Three playtesters broke the sample during stringing, four reported problems with coil memory, two reported problems tying knots, two reported friction burn, and three reported other problems.
On the Court
Our playtest team loved the Durability and Power of Crossfire ZX Tour, giving it excellent ratings in each of these two categories. Our playtesters also found the Resistance to Movement, Control, Spin Potential, and Comfort noteworthy, rating Crossfire ZX Tour well above average in each of these categories. These high marks combine to give Crossfire ZX Tour an overall rating that is well above average.
One playtester reported premature fraying or peeling, two reported buzzing, and five reported notching. One playtester broke the sample during the playtest period after eight hours of play.
Some playtesters seemed to think this was a poly/poly hybrid, which no doubt introduced some prejudice against it. But many noted in the comments that it didn’t play like an all-poly stringbed, which is to say that the advantages of the MonoGut ZX are clearly discernable.
It’s also worth noting that even though Ashaway recommends using the poly mains with Crossfire ZX Tour, we’ve had good luck using the MonoGut ZX in the mains and the MonoGut Original in the crosses.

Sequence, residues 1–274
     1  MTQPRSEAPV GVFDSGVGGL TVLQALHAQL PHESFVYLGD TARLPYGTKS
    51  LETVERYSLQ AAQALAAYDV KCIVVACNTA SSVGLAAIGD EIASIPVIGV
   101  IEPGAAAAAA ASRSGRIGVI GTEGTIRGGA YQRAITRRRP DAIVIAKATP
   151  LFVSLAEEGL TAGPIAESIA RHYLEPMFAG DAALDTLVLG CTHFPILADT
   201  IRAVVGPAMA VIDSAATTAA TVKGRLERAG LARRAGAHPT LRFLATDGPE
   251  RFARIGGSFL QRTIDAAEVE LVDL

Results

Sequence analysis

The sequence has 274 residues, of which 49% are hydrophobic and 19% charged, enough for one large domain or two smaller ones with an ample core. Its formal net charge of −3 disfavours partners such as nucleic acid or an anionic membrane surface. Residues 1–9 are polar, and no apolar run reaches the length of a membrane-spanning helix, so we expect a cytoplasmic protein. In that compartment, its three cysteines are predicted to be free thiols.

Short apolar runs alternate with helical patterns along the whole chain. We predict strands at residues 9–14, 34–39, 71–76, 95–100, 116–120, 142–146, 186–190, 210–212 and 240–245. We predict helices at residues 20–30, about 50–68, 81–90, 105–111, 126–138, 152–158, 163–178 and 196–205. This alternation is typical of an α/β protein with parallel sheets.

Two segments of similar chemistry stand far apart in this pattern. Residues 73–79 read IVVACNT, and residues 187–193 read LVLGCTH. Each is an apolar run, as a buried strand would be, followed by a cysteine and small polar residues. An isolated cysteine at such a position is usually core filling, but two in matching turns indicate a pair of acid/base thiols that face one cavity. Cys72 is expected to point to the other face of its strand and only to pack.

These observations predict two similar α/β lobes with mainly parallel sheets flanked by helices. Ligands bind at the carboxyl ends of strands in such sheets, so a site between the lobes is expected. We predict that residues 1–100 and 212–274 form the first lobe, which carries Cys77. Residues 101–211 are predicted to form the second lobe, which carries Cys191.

“If you like a stiff string this is the string to try. Great playing string with good control. The power was fantastic. I really noticed it on the serve.” 4.5 male all court player using Babolat Pure Storm Tour strung at 50 pounds LO (Babolat RPM Blast 16)
“Very responsive for spin on groundstrokes with excellent touch and feel on touch volleys. I will be adding this string to my inventory.” 5.0 male serve-and-volley player using Babolat Aero Pro Drive strung at 55 pounds LO (Wilson NXT 17)
“Best of both worlds! Plays like a full poly setup, with the power, feel, and arm friendliness of a hybrid. Use without a vibration dampener produces unpleasant sounds on certain shots. The cross string in this setup is the magic weapon.” 5.5 male baseliner with heavy spin using Wilson BLX Pro Open strung at 58 pounds LO (Luxilon Timo 17)
“Interesting mix of 16 poly and 17 poly … much more playable than a straight 16 mix. The 17-gauge cross gave the mix a very nice feel. The lower tension also softened it up nicely and gave a feel capability not usually found in polys. I loved this string a lot and I have had issues with the stiffer polys at higher tensions. This one gave me the control I demand with the playability I need.” 5.0 male all court player using Wilson Blade strung at 55 pounds LO (Babolat RPM Blast/ Wilson Sensation 17/16)